Politico: “By reserving time in key swing states — at least Colorado, Florida, Iowa, Nevada, New Hampshire, North Carolina, Ohio, and Virginia — the Clinton camp is sending an unmistakable message to the presumptive GOP nominee that it intends to press into traditionally Republican territory without spending too much time worrying about defending traditionally Democratic destinations where Trump insists he will compete, said a handful of high-level Democrats close to the Clinton effort.”
In this week’s address, President Obama reflected on his visit with the families of the victims of the Orlando terrorist attack.
In his weekly message, Governor Markell remembers the victims of the shooting in Orlando and recognizes we have more work to do to ensure the freedom, dignity and safety of all people.
There’s no magic to Trump’s political showmanship. The magic we saw through the Spring was a unique bond, a sort of mindmeld of white backlash and derp Trump built on an inspired intuition into the mind of the base of the Republican party. Provocation and offense didn’t hurt Trump because … he was preaching to an audience that yearned for both as positive goods. Campaigning in front of a general election audience today it’s all working quite differently. Over the last two days I heard report after report from our team on Capitol Hill about Senators who were refusing to answer questions about Trump, simply walking away when asked about him, or in a growing number of cases, after his harrowing and unhinged speech on Monday, openly attacking him. [...]
A month ago Republican elected officials were unenthusiastically but resolutely rallying around Trump. Since then they’ve slowly been reduced to a public and political version of a family dealing with a hopeless addict or a degenerate gambler. They keep saying, insisting he’ll change, only to have him provide more evidence he can’t, won’t and has no intention to. Their very indulgence seems to prompt more unbridled behavior.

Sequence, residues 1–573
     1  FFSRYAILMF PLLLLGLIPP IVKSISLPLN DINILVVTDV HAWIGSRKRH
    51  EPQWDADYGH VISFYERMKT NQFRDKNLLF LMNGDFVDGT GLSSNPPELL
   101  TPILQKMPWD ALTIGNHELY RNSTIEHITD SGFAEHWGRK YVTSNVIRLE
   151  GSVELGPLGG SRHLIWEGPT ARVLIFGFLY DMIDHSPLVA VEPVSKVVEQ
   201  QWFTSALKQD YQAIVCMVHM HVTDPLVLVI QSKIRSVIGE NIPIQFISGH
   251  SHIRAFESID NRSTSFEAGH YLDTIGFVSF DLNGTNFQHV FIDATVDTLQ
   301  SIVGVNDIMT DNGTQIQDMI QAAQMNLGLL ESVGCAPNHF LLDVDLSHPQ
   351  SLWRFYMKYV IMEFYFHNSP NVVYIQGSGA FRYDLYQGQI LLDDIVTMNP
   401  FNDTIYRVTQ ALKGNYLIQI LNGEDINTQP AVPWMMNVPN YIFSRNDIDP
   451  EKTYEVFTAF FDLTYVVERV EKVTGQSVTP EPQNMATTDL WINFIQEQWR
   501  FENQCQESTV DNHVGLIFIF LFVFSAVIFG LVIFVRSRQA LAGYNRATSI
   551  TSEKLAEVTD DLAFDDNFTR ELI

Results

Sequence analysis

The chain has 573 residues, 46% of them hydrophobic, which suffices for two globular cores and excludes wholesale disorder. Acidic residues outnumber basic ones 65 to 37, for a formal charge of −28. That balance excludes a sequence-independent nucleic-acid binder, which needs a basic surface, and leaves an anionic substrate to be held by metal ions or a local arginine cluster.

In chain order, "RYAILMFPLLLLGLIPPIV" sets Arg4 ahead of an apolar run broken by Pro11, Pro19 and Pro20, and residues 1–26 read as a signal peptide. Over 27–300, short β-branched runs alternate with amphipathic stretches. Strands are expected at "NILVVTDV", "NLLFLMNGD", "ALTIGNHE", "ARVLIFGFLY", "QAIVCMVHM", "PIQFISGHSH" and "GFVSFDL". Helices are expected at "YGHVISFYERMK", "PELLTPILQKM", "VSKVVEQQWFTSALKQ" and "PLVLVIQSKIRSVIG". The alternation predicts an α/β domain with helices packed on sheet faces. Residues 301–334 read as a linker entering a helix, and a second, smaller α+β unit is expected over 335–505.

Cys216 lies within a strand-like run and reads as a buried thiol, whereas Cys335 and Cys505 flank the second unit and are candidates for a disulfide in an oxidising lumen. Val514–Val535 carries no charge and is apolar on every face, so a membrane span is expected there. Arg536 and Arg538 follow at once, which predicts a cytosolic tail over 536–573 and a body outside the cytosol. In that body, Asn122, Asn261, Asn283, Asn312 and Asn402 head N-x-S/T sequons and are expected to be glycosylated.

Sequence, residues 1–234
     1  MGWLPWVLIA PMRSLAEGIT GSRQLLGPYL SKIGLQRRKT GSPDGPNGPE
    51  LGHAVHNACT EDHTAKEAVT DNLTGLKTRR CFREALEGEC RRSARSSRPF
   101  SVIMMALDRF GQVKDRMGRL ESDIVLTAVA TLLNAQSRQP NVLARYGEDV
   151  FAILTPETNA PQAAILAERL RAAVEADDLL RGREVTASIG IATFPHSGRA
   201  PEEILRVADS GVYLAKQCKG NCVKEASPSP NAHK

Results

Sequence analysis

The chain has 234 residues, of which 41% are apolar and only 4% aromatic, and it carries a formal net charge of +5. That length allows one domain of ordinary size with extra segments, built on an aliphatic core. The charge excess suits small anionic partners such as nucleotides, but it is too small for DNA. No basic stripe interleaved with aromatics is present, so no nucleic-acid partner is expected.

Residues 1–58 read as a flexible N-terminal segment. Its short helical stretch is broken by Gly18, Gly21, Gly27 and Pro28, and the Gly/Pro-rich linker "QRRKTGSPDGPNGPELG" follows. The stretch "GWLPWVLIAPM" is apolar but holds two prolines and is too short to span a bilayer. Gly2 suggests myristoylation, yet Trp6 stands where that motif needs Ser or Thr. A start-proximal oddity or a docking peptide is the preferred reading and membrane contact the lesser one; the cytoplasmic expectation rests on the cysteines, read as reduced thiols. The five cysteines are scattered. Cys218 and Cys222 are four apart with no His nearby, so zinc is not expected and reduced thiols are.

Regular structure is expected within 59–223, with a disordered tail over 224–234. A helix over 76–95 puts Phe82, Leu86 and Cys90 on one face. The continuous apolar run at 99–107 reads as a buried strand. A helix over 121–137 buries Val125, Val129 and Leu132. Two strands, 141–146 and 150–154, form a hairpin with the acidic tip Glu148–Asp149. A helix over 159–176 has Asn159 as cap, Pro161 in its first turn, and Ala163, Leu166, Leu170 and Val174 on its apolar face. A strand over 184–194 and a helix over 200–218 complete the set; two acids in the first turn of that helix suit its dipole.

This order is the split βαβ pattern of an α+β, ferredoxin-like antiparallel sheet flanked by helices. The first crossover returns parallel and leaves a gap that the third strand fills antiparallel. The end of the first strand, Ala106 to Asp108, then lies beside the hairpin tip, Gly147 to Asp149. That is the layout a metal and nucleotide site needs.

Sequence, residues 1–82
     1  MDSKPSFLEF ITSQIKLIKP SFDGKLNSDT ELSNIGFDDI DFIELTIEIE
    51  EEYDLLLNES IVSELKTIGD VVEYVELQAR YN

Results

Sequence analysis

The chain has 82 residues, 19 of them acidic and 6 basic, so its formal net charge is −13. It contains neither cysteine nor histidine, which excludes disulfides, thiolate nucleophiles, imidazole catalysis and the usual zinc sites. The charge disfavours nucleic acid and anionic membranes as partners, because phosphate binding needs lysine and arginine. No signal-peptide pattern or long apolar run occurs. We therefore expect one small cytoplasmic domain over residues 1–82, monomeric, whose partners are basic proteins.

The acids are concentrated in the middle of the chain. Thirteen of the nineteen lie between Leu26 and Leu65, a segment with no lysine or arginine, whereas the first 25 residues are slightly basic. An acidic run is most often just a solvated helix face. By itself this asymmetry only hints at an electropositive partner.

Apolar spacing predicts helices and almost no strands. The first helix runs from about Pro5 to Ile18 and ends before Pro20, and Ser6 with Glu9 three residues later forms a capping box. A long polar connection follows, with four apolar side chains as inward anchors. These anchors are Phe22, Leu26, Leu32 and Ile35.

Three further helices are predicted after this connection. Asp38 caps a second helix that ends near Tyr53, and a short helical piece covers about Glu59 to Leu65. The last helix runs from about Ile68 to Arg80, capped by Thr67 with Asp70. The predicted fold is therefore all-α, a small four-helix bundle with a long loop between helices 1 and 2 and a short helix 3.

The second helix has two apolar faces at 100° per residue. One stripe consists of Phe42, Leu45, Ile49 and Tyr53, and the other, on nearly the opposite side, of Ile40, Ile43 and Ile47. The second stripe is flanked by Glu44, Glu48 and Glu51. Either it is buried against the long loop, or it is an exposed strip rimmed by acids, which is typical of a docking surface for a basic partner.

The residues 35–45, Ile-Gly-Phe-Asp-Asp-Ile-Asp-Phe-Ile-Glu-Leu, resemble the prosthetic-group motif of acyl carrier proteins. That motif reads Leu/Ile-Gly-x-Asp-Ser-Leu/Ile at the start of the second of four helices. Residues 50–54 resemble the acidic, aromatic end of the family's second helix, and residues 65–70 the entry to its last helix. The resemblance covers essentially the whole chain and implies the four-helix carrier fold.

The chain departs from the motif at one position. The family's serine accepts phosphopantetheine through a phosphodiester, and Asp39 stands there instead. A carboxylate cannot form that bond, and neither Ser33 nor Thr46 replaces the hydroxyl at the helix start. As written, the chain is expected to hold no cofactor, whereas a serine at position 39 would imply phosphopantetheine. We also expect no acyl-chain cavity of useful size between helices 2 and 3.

The disgraceful way Trump handled the hours after the Orlando atrocity seems to have confirmed for many Republicans that Trump will never change or pivot or whatever other phrase we’re now using. It’s not an act. It’s him. How this couldn’t have been clear months ago is a topic for the psychology of denial and wishful thinking. But now it seems clear. [...]
The question is how long this can last. Pretty much daily, major Republican leaders don’t just disagree with Trump but denounce him in pretty round terms, even as they remain at least nominal endorsers of his candidacy and accept him as the leader of their party. That is entirely unprecedented in modern American political history.
It doesn’t seem sustainable.
Sen. Bernie Sanders (I-VT) is slated to address supporters with a video live stream on Thursday night, his campaign confirmed Tuesday. He may announce a transition to a platform campaign to press for changes to the party primary process and platform. Hillary seems to be doing a very good job of consolidating the Democratic base on her own without Bernie’s help, so I am less concerned about an enthusiastic endorsement being made as soon as possible. Hillary has carved out some space for Bernie, Hillary and the DNC to negotiate and slowly tamp down the primary heat. Which is a good thing.
A new Bloomberg poll finds that Hillary Clinton has opened up a double-digit lead nationally over Donald Trump, 49% to 37%, with Libertarian Gary Johnson getting 9%. Take out Johnson, and Hillary leads 54-36. That is simply a massive landslide that would sweep the country blue and give us back the House with a 20-30 seat majority.
Very interesting: 55% of those polled saying they could never vote for Trump.
Said pollster Ann Selzer: “Clinton has a number of advantages in this poll, in addition to her lead. Her supporters are more enthusiastic than Trump’s and more voters overall see her becoming a more appealing candidate than say that for Trump.”
A new Reuters/Ipsos poll also shows Clinton leading by 12 points.
I just got word from a source that State Senator Karen Peterson has announced her retirement on the floor of the Senate. This is devastating news for progressives in this state.
Clearly, from the reaction, and from my sources, this announcement was unexpected. I wonder if Peterson tabling Senate Bill 190, which is the first leg of an amendment to the Delaware Constitution to provide for equal protection under the law to all citizens regardless of race, sex, age, religion, creed, color, familial status, disability, sexual orientation, gender identity, or national origin, had anything to do with it.
The filing deadline is July 12. There are no state representatives residing in her district. Literally none.